a. fraud if the statement is the truth.
b. fraud if Jim believes that this statement is not true.
c. fraud if Jim is stating his opinion, not the facts.
d. not fraud.
Kai files a suit against Lana based on one of Lana’s statements that Kai alleges is fraudulent. To give rise to fraud, the statement must be one of
Dom, an EZ Baked Goods salesperson, follows Flora, a salesperson for Goody Pastries, Inc., as she attempts to make sales to food stores. Dom solicits each of Flora’s customers. Dom is most likely liable for wrongful interference with a
a. bargaining relationship.
b. business relationship.
c. contractual relationship.
d. customer relationship.
OK Dry-Cleaning advertises so effectively that the regular customers of its competitor Purity Cleaners patronize OK instead of Purity. This is
c. wrongful interference with a contractual relationship.
d. no tort.
Manuel is walking past Thomas’s house when he hears a smoke alarm going off. He also hears a child calling for help and sees smoke coming from a window. Manuel rushes into Thomas’s house, finds the child and brings it outside. If Thomas sues Manuel for trespass to land, Manuel’s defense will probably be
a. assisting someone in danger.
d. the reasonable person defense.
Bella owns a farm in Colorado. Doyle drives his sport utility vehicle off a highway and onto Bella’s land. Doyle commits trespass if he
a. does not have Bella’s permission to drive on the property.
b. drives onto the property for recreational purposes.
c. harms the property in a material way.
d. harms the property in any way.
Susan takes her car to Ken’s repair shop and asks him to fix the car’s brakes. Ken completes the work and sends Susan a bill for $100. Susan refuses to pay so Ken refuses to return Susan’s car. Susan can probably successfully sue Ken for
c. trespass to property.
d. none of the choices.
As a joke, Jem takes Kyla’s business law textbook and hides it so that Kyla cannot find it during the week before the exam. Jem may have committed
c. disparagement of property.
d. trespass to personal property.
In newspaper ads, Lo-Price Autos falsely accuses Hi-Value Vehicles, a competitor, of selling stolen cars. Hi-Value’s sales decrease. Lo-Price has most likely committed
a. slander of quality.
b. slander of title.
c. wrongful interference with a business relationship.
d. none of the choices.
Lizzie, a clerk at a Movies Unlimited store, takes a DVD player from the store without permission. Lizzie is liable for
b. benefiting an employee.
d. wrongful interference with a business relationship.
Bette backs out of City Parking Garage, colliding with Dill’s car. Dill may recover $7,500 to cover the cost of the repairs if Bette failed to act as
a. a blameless person.
b a faultless person.
c. a holistic person.
d. a reasonable person.
Kelly is injured when she slips and falls on Layla’s sidewalk. To determine whether Layla owed a duty of care to Kelly, Layla is subject to the standard of
a. a realistic person.
b. a reasonable person.
c. a recognizable person.
d. a reliable person.
Cook’s Pantry Appliances, a retail store, must use reasonable care on its premises to warn its patrons of
a. all risks.
b. hidden risks.
c. obvious risks.
d. no risks.
Nico is a passenger in a car driven by Owen, whose reckless driving causes an accident, injuring himself. Nico, uninjured, accompanies Owen to Parkside Hospital in an ambulance. The ambulance is hit by a car driven by Quin, and Nico is injured. Nico files a suit against Owen, alleging negligence. The element most likely to be a question for the court to decide is
a. causation in fact.
b. proximate cause.
c. the duty of care.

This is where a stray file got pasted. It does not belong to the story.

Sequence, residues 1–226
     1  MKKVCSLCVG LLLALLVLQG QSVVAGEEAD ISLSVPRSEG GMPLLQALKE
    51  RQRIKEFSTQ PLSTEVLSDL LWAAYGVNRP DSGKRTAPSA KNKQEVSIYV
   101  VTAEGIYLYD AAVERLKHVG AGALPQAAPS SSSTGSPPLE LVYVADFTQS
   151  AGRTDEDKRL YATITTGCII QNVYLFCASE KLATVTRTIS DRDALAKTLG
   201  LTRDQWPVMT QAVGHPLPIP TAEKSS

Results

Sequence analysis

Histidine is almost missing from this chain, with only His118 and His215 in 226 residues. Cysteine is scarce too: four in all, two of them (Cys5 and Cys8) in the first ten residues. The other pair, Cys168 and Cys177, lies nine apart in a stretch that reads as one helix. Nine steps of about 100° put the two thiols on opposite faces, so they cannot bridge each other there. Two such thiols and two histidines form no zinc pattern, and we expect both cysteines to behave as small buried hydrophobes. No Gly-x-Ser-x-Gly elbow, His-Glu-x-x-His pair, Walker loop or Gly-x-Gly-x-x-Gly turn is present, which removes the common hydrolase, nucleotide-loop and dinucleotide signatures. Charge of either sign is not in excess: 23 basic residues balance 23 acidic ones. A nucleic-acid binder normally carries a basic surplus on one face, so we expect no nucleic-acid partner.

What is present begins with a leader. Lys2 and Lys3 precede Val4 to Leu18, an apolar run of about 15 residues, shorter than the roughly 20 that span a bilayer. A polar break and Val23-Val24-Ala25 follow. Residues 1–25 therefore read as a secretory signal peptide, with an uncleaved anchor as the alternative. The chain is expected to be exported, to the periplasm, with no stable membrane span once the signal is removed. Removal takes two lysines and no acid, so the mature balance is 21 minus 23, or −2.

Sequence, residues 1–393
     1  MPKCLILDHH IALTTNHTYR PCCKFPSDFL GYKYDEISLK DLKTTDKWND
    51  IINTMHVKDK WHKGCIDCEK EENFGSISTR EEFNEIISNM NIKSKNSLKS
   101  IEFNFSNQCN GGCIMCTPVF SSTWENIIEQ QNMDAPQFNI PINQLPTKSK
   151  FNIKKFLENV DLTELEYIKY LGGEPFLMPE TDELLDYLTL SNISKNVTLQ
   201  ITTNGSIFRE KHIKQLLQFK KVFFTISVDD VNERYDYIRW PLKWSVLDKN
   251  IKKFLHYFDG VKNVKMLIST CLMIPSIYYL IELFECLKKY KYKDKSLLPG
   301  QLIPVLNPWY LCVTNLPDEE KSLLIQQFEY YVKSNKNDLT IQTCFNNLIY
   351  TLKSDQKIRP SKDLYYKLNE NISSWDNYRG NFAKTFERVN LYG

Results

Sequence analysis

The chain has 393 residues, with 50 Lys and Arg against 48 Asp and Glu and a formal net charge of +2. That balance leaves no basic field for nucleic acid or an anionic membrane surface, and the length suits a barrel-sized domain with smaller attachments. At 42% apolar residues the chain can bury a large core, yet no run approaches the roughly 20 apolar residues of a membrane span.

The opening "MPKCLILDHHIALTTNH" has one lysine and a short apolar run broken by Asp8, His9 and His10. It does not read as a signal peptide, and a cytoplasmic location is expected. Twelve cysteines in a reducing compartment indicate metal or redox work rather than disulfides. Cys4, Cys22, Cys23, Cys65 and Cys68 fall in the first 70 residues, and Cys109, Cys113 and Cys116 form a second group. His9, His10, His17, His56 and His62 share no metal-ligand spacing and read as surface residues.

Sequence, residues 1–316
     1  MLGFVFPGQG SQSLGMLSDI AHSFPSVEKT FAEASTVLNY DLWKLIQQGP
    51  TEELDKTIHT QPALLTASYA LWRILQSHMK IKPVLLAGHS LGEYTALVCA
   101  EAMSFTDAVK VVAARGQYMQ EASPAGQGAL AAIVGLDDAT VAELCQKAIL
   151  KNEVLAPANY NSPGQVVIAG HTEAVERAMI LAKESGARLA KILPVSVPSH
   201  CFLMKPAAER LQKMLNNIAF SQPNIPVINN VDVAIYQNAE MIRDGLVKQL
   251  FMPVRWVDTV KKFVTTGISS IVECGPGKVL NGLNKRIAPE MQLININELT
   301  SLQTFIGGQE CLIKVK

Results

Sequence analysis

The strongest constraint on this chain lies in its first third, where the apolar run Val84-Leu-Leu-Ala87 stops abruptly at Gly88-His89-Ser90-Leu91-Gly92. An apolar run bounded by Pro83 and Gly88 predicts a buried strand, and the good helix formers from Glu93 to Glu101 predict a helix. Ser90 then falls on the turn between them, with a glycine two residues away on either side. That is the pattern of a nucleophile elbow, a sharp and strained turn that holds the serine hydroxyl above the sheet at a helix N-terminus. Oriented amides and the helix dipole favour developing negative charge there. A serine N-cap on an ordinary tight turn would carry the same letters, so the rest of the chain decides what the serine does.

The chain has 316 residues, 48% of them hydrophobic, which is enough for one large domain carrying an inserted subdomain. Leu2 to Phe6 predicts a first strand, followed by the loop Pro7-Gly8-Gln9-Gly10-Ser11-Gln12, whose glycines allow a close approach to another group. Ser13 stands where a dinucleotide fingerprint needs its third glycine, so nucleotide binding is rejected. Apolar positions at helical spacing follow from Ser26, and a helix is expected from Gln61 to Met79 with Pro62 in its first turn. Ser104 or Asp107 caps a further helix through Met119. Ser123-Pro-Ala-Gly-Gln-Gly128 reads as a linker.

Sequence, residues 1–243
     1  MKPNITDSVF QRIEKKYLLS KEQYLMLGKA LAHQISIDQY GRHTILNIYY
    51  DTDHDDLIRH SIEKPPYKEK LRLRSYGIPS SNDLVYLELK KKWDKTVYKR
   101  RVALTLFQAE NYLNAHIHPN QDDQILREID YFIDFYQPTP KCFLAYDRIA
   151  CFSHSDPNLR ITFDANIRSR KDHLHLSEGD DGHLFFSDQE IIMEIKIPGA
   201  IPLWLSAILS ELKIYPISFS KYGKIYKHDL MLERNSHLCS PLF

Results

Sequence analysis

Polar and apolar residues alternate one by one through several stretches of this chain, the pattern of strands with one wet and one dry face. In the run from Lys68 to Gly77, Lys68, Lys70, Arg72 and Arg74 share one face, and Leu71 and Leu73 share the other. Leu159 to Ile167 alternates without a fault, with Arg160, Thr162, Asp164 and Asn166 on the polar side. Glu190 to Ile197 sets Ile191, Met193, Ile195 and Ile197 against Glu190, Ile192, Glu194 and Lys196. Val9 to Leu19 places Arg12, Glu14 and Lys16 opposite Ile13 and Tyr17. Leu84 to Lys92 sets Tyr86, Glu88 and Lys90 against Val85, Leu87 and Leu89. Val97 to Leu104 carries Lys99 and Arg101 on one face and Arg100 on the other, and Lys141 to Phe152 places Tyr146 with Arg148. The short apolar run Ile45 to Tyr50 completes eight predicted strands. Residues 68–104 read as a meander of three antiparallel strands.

d. the injury requirement.
Ralph, a van driver for Speedy Delivery Company, causes a multi-vehicle accident on a city street. Ralph and Speedy are liable to
a. all those who were injured.
b. only those who were uninsured.
c. only those whose injuries could have been reasonably foreseen.
d. only those whose vehicles were closest to Ralph’s van.
Duffy is a passenger in a car that Caleb is driving when an accident occurs. Both Caleb and Duffy are emotionally rattled, but neither is physically hurt. Caleb is not liable to Dufy on a negligence theory because
a. both parties were emotionally rattled.
b. Caleb apparently did not intend to cause an accident.
c. Duffy must have been comparatively negligent.
d. Duffy was not injured.
Liu enters Mountain Triathlon, an athletic competition in which Liu has never competed. Regarding the risk of injury, Liu assumes the risks
a. attributable to the triathlon in any way.
b. different from the risks normally associated with the triathlon.
c. greater than the risks normally associated with the triathlon.
d. normally associated with the triathlon.
Frank slips and falls on Guy’s Harbor Tour Boat and is injured. Frank files a suit against Guy’s for $500,000. If Frank is 20 percent at fault and Guy’s is 80 percent, under the “50 percent rule” comparative negligence principles, Frank would recover
George has a badly infected right foot. Herb, George’s physician, prescribes amputation. George agrees. During the operation, Herb amputates the left foot. In George’s suit against Herb, George’s best theory for recovery is
a. assumption of risk.
b. negligence per se.
c. res ipsa loquitur.
d. strict liability.
An Iowa state statute requires amusement parks to maintain equipment in specific condition for the protection of patrons. Jack’s Fun Park fails to maintain its equipment. Keely, a patron, is injured. Jack’s has committed
a. abuse of process.
c. false imprisonment.
A Rhode Island state statute requires machinery in industrial plants to include automatic shut-off switches accessible to each employee working on the machine. Steel Company’s equipment does not have the switches. Trudy, a Steel employee, suffers an injury that an accessible shut-off switch would have prevented. Trudy’s best theory for recovery is
b. assumption of risk.
c. invasion of privacy.
Jean is playing a video game on a defective disk that melts in her game player, starting a fire that injures her hands. Jean files a suit against K-Tech, Inc., the game’s manufacturer. K-Tech is held liable under the doctrine of strict liability. A significant application of this doctrine is in the area of
a. cyber torts.
b. intentional torts.
c. product liability.
d. unintentional torts.